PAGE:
Product Focus - Healthy New You
It’s time to welcome in another New Year! A clean slate; a brand-new canvas. And don’t we all need one after the topsy-turvy year we’ve had? As ever, health and wellness feature high on resolution-agenda. If you’re stuck for ideas, we have a few that you won’t want to ditch come the first week of January.
Eat more wholefoods
Many people vow to diet in the New Year. But the extreme, annual punishment post-Christmas diet is built to fail. Ultimately, you need to make small, sustainable changes to see any sizeable difference to your weight and health. One mantra you may choose to live by is following a mainly wholefood diet: eating foods in their whole form. This dietary change doesn’t call for deprivation; it just means you’ll naturally filter out all the bad, refined stuff.
From almonds to goji berries to dried apricots, explore our wholefood range
Once seen as a fringe movement, the power of plants has now entered the zeitgeist. The campaign ‘Veganuary’ inspires people to take a meat-and-dairy-free pledge throughout January. Aside from supporting the environment and animal welfare, proponents of plant-based nutrition claim its one of the healthiest diets around. Why not set yourself the challenge of giving up all animal products, favouring a wholefood, plant-based diet this month? Why not consider…
Generally found in animal products, vitamin B12 contributes to the normal function of the immune system, normal psychological function, and normal energy metabolism.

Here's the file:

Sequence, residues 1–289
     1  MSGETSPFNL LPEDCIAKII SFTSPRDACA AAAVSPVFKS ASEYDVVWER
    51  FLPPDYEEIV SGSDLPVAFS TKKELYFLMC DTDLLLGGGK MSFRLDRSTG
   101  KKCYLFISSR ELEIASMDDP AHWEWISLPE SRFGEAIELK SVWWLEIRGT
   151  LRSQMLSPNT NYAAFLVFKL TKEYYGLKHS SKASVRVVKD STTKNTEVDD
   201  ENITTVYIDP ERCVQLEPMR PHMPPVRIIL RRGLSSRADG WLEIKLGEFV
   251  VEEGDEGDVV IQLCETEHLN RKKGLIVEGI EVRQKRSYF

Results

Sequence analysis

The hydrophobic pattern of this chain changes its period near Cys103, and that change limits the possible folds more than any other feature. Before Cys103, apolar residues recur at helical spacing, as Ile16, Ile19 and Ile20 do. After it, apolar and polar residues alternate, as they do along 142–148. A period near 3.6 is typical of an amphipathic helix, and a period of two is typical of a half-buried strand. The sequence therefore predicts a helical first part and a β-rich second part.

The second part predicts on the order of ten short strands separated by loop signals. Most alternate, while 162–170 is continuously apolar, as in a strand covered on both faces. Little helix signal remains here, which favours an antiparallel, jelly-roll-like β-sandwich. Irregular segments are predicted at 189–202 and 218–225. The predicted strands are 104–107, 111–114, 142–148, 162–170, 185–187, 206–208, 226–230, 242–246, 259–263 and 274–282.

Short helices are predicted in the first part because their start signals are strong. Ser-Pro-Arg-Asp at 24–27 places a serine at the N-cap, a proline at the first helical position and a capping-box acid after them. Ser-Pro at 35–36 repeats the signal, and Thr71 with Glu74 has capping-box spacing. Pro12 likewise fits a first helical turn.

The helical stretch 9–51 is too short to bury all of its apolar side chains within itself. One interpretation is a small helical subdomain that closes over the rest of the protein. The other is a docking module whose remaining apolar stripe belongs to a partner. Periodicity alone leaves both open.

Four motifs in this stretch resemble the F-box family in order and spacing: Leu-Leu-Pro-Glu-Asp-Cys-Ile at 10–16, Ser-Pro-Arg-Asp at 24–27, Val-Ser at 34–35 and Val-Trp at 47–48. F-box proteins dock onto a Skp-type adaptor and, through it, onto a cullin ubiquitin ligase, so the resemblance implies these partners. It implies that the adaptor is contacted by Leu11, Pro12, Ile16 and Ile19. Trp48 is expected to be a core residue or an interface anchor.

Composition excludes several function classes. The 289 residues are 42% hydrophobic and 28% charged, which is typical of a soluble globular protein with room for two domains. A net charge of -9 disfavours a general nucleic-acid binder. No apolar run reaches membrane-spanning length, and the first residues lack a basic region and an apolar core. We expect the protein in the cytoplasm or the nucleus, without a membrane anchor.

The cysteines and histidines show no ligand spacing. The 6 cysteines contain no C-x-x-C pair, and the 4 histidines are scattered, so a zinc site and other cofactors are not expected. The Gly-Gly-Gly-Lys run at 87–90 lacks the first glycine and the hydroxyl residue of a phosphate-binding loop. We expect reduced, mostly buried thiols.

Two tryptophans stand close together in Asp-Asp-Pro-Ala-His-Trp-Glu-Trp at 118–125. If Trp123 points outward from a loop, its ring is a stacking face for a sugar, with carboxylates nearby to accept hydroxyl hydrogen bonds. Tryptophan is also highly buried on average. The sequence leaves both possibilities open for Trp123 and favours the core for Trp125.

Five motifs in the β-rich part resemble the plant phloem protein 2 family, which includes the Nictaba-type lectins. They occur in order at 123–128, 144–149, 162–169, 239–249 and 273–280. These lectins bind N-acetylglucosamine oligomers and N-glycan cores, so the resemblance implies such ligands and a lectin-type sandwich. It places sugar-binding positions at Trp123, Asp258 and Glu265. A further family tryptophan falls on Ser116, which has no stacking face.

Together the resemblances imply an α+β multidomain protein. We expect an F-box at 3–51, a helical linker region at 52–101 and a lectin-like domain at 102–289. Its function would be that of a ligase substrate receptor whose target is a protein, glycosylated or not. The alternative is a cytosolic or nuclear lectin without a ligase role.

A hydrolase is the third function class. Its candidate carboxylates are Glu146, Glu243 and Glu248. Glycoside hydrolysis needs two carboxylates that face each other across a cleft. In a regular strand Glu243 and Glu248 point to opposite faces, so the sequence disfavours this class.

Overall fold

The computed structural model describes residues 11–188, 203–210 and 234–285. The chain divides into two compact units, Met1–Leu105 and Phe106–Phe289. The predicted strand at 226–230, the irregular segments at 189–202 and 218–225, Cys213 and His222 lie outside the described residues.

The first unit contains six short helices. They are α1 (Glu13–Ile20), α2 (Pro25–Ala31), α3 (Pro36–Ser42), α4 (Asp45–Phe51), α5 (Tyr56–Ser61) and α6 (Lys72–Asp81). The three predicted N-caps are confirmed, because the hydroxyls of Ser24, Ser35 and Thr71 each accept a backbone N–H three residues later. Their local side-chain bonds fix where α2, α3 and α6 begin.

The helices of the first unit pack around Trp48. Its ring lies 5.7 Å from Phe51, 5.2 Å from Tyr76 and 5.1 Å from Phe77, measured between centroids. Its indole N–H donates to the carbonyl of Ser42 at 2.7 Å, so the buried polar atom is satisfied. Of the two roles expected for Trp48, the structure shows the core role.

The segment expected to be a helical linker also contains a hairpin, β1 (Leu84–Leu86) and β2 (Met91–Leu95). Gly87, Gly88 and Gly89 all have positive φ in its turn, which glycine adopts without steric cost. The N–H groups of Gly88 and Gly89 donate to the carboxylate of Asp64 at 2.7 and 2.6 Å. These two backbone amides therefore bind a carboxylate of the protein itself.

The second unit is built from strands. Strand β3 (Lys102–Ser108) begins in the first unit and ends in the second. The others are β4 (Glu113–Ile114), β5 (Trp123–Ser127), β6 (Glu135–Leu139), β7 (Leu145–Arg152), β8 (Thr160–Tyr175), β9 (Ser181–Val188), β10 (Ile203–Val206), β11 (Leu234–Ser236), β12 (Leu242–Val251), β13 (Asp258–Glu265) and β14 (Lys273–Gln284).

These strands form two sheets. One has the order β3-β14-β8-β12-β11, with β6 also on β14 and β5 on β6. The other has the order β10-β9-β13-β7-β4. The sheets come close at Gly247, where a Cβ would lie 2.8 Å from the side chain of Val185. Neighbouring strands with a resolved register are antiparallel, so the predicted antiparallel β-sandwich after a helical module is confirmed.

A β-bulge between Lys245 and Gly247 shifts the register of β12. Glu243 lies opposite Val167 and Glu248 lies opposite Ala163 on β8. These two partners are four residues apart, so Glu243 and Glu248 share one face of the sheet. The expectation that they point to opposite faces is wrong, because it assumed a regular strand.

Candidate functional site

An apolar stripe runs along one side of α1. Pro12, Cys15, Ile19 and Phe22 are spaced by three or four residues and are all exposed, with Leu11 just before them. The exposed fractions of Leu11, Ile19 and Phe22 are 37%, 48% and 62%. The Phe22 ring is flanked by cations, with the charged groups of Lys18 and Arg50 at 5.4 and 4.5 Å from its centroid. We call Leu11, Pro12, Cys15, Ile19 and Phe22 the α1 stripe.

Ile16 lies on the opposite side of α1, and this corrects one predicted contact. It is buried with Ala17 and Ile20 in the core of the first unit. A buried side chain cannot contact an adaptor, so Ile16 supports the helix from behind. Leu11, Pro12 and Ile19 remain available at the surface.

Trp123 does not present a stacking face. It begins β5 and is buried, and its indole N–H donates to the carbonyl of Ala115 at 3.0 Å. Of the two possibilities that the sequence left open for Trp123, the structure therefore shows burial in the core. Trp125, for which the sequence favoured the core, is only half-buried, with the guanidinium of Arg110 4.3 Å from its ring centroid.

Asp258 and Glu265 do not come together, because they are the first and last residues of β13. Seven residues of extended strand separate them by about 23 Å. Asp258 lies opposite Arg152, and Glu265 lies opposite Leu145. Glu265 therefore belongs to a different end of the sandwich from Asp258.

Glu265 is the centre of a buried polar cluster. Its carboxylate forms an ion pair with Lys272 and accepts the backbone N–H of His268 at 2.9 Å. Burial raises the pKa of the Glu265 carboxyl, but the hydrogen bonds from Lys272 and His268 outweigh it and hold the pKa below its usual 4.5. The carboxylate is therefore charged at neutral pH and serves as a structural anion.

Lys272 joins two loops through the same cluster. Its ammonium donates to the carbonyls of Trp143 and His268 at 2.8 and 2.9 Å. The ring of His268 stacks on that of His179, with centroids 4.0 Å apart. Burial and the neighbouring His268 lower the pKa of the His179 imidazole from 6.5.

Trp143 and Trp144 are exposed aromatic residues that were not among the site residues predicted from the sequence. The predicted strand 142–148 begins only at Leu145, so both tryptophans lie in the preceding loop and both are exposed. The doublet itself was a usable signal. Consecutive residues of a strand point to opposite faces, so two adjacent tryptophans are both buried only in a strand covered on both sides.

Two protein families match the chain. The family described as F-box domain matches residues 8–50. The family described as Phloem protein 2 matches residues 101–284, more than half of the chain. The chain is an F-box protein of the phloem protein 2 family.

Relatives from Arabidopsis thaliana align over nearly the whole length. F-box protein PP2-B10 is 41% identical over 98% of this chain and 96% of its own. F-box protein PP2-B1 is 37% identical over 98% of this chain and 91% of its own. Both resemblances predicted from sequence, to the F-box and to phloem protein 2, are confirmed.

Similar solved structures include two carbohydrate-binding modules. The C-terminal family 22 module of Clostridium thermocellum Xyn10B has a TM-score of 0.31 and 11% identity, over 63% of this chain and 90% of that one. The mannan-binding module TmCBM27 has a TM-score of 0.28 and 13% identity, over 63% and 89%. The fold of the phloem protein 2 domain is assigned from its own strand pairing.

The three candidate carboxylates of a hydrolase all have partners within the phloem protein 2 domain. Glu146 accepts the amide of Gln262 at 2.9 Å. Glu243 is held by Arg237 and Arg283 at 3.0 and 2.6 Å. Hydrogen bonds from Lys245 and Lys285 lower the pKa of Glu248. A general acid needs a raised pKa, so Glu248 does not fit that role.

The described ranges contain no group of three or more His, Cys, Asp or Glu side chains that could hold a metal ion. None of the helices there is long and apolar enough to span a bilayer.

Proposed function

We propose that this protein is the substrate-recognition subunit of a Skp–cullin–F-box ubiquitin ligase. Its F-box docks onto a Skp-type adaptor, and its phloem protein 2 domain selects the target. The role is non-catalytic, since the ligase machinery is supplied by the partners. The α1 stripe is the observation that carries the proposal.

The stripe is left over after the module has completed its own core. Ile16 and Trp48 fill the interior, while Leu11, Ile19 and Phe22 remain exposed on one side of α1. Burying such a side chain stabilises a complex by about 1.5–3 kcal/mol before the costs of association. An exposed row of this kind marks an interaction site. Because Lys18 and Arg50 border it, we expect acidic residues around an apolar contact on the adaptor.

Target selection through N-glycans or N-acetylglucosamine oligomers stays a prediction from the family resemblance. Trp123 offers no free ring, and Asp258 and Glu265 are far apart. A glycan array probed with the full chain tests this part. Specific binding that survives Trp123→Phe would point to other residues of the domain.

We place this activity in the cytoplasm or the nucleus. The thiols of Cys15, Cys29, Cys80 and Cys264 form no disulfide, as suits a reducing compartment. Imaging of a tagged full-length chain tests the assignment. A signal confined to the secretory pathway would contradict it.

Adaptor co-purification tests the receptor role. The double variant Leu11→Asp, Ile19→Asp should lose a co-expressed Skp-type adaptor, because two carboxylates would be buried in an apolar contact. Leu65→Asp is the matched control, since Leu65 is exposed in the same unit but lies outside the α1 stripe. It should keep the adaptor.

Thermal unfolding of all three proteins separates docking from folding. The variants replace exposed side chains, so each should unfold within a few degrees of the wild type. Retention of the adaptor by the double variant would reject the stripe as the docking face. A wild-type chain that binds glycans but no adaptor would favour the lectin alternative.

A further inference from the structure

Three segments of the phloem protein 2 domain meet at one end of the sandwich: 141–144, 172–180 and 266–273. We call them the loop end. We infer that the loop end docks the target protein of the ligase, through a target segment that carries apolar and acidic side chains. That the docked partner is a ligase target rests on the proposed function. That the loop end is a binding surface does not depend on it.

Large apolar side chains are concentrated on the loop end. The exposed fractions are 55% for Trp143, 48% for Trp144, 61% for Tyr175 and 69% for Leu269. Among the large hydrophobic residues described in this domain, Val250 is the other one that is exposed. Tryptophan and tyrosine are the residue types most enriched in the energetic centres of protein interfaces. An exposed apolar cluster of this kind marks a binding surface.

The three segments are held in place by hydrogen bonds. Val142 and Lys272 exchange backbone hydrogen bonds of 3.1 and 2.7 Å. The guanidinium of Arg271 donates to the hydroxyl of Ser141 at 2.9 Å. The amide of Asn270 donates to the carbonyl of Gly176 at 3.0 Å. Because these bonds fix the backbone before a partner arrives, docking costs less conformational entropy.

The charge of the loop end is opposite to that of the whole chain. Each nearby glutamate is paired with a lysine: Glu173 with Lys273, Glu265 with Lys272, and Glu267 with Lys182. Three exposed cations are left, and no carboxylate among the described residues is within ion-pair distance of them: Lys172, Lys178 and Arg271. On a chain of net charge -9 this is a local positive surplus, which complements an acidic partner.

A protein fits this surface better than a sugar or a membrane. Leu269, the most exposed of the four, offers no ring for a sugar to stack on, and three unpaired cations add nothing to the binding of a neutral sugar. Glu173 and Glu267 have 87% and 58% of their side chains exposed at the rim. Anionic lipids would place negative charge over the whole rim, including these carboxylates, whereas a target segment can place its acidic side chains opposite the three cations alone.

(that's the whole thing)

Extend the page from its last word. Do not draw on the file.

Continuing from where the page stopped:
|Shop Vitamin B12
Think Dry January
Christmas isn’t Christmas without its bounty of Buck’s fizz, eggnog, and mulled wine. But the festive season can leave you hankering for a break from the booze. Enter Dry January – going a whole month tipple-free. Improved mood, sleep, and skin are just some of the reasons people embark on this hiatus. Once January is over, try to keep the Dry January momentum going and think about reducing your overall alcohol intake. Why not consider…
Milk Thistle is a traditional herbal medicinal product used to relieve the symptoms associated with occasional overindulgence of food and drink.
|Shop Milk Thistle
Did you know?
After the initial dopamine high from 1-2 drinks, continual drinking gives way to the less pleasant effects of alcohol: dehydration, confusion, and clumsiness.
Take self-care seriously
After the stress, overwhelm, and uncertainty of 2020, we all need to prioritise self-care this year. Taking more time for yourself isn’t self-indulgent; it’s the ultimate act of kindness for your wellbeing and long-term happiness. Self-care doesn’t have to be extravagant. Enjoying an extra hour in bed, taking walks in nature, practising daily mediation, or deleting social media apps all contribute to good self-care. Why not consider…
Epsom salts are rich in natural minerals, which may help relax the body when added to warm bathwater.
Commit to moving in a way that excites you
Committing to exercise in the New Year doesn’t mean slogging away on a treadmill (unless that’s your ‘thing’, of course). Perhaps it’s a high-energy Zumba class, a five-a-side football match, or a friendly game of tennis that inspires you to move? Find a form of exercise that you love and commit to getting sweaty three to four times a week. Why not consider…
Sour Cherry Juice
Sour cherry juice has become a go-to for scores of sportspeople, many of whom use it for recovery after exercise.
If you overindulged this Christmas, consider clocking more shut-eye. Besides supporting all areas of your biology, quality sleep is critically important for regulating your hunger cues. One night of poor sleep increases the hunger-signalling hormone, ghrelin, and decreases the satiety-signalling hormone, leptin, making the last of the New Year’s pudding all the most appealing. Why not consider…
Valerian is a traditional herbal medicinal product used for the temporary relief of sleep disturbances and mild anxiety.